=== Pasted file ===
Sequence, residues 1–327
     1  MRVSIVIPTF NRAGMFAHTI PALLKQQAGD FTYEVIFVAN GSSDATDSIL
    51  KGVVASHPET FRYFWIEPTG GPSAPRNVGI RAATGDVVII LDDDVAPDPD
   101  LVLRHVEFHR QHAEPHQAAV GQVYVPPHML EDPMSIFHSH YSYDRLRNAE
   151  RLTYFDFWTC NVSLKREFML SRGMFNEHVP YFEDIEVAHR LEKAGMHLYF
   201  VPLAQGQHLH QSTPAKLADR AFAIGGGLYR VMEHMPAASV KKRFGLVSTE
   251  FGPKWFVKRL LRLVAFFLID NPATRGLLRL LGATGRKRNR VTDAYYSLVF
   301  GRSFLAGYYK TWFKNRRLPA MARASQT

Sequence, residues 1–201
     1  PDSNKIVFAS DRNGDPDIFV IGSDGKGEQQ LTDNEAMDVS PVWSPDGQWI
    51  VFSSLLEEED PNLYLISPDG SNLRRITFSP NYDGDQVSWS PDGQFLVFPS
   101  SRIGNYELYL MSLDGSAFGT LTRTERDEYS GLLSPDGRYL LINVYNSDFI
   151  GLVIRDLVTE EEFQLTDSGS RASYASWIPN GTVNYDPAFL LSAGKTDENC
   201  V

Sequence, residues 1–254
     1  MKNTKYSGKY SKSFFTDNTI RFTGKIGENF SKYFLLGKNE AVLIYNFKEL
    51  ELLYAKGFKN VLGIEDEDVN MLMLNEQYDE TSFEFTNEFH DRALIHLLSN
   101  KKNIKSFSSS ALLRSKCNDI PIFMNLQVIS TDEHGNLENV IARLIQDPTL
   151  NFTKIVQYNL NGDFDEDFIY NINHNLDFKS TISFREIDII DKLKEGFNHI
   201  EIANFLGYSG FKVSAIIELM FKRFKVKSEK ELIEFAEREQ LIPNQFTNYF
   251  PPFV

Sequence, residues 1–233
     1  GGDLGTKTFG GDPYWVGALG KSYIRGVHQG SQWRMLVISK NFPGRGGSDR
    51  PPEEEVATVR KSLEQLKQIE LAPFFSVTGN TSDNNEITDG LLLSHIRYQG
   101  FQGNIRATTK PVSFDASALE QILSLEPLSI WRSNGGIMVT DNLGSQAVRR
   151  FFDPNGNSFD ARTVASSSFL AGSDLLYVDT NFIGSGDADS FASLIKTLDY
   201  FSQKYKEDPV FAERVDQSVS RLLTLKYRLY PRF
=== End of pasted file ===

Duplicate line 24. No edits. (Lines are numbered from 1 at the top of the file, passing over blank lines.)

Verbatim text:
    51  PPEEEVATVR KSLEQLKQIE LAPFFSVTGN TSDNNEITDG LLLSHIRYQG